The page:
Bipartisan support symbolizes shared responsibility and collective solidarity to end AIDS

UNAIDS | July 24, 2012

US Congress hosts bipartisan briefing “Together we will end AIDS” with Congressional leaders from both political parties and leaders to discuss ways to invest smartly in the AIDS response and explore opportunities ahead

WASHINGTON, DC/GENEVA, 24 July 2012—Senators Patrick Leahy and Lindsey Graham, Chairman and Ranking Member of the Senate State and Foreign Operations Appropriations Subcommittee, today hosted a briefing to find ways of maximizing new opportunities to respond to HIV. Moderated by Ms. Gwen Ifill of Washington Week & PBS NewsHour, the meeting brought together members of both the Republican and Democratic parties, as well as leading figures in the response to AIDS—who offered their contributions on how they can help make the response to HIV faster, smarter and better.

“With bipartisan support we are going to take the issue out of politics and strengthen families and communities,” said Senator Leahy.

Joining the Senators were the Chairwoman and Ranking Member of the House State and Foreign Operations Appropriations Subcommittee, Representatives Kay Granger and Nita Lowey.

“We have to be targeted, we have to be smart and we have to use these resources as effectively as possible,” said Representative Granger.

In 2011, the United States invested more than US$ 4.5 billion to the AIDS response in low- and middle-income countries. The global amount needed by 2015 is estimated to be between US$ 22-24 billion. If investments remain at current levels, the shortfall will be around US$ 7 billion.

"What America has done for itself has made it strong. What America has done for others has made it great,” said Sir Elton John, in his role as a philanthropist and humanitarian. “Your support for PEPFAR has saved millions and millions of lives. Please do not take your foot off the accelerator!"

Sir Elton and UNAIDS Executive Director Michel Sidibé helped convene the meeting and welcomed His Excellency Mr Kgalema Petrus Motlanthe, Deputy President of the Republic of South Africa, and several former African Heads of State to the briefing.

“In South Africa we have committed to getting to zero,” said Deputy President Motlanthe. “We have expanded services—we set ourselves a target of providing HIV counselling and testing to 12 million people. We have actually succeeded in testing 20 million people for HIV and other health conditions such as diabetes and high blood pressure so that they could be referred and given support.”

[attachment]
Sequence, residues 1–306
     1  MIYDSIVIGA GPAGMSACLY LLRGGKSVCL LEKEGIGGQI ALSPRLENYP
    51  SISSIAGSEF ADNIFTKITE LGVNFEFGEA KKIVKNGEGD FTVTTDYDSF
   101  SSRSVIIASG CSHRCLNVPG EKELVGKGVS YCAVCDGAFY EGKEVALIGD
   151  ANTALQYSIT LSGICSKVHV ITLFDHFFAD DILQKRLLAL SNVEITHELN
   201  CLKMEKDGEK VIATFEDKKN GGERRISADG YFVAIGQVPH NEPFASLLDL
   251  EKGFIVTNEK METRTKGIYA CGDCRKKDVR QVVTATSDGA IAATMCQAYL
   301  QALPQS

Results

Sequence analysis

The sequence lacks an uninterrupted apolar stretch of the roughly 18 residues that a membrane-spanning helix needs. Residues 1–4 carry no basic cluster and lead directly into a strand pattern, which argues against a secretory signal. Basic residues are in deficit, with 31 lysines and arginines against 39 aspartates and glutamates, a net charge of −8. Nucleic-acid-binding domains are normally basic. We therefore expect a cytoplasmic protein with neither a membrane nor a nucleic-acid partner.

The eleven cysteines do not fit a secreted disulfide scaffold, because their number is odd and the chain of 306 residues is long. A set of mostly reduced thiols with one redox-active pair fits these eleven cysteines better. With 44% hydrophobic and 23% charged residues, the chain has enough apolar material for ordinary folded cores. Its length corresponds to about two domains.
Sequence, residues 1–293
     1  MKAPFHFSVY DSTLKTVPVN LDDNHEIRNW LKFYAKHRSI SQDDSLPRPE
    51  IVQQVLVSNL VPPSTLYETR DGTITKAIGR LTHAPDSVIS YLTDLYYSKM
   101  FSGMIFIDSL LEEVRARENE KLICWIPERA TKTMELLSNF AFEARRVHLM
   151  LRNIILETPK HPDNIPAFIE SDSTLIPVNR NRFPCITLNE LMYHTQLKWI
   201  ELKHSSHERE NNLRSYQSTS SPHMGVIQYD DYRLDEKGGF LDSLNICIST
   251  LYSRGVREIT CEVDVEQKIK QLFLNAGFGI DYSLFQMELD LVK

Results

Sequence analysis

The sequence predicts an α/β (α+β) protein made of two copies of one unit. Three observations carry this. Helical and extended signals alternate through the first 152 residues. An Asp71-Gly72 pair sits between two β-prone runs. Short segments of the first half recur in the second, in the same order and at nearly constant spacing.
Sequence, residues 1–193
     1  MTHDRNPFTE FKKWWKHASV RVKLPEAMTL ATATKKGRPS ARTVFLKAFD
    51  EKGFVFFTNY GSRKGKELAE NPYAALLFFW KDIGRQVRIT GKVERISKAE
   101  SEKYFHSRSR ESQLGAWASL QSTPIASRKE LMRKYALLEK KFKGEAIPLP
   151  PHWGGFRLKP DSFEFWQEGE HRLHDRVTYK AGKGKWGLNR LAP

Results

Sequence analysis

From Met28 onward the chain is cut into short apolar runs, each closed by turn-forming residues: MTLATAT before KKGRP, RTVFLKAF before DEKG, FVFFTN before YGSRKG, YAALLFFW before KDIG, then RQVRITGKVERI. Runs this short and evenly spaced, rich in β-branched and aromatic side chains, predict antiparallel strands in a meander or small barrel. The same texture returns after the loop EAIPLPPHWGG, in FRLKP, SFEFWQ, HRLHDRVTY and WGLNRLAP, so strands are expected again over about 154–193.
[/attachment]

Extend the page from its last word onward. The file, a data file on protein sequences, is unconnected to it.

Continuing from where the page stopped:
Many low- and middle-income countries are stepping up domestic investments to fill the investment gap. South Africa, which funds more than 80% of its AIDS response domestically, invested nearly US$ 2 billion in 2011.

Speaking on the role of faith based organizations and the private sector Dr. Rick Warren, Pastor of Saddleback Church, and Mr. John Megrue, President of the Business Leadership Council for a Generation Born HIV Free, offered increased support from the two pivotal sectors.

Florence Ngobeni-Allen, an Ambassador for the Elizabeth Glaser Pediatric AIDS Foundation, thanked the American and South African governments, telling the more than 200 guests that she was a beneficiary of coordinated support, “I lived it. I walked it.” Ms Ngobeni learned of her HIV status 16 years ago after losing her child to the virus. Now, a mother of two HIV negative boys, she urged the group to continue its work. “Without your dedication and leadership, both here and in my home country of South Africa, the lifesaving services I’ve personally received, and that I have had the opportunity to share with other women like me, would be unavailable,” she said.

“As we have seen today, HIV is unique in the way that it evokes passion and mobilizes people around a common goal—ending the epidemic,” said Mr Sidibé. “We must build on this momentum and energy to drive it forward.” 

The briefing was held in Washington, DC where the 19th International AIDS Conference is taking place. It is being held in the United States for the first time in more than 20 years.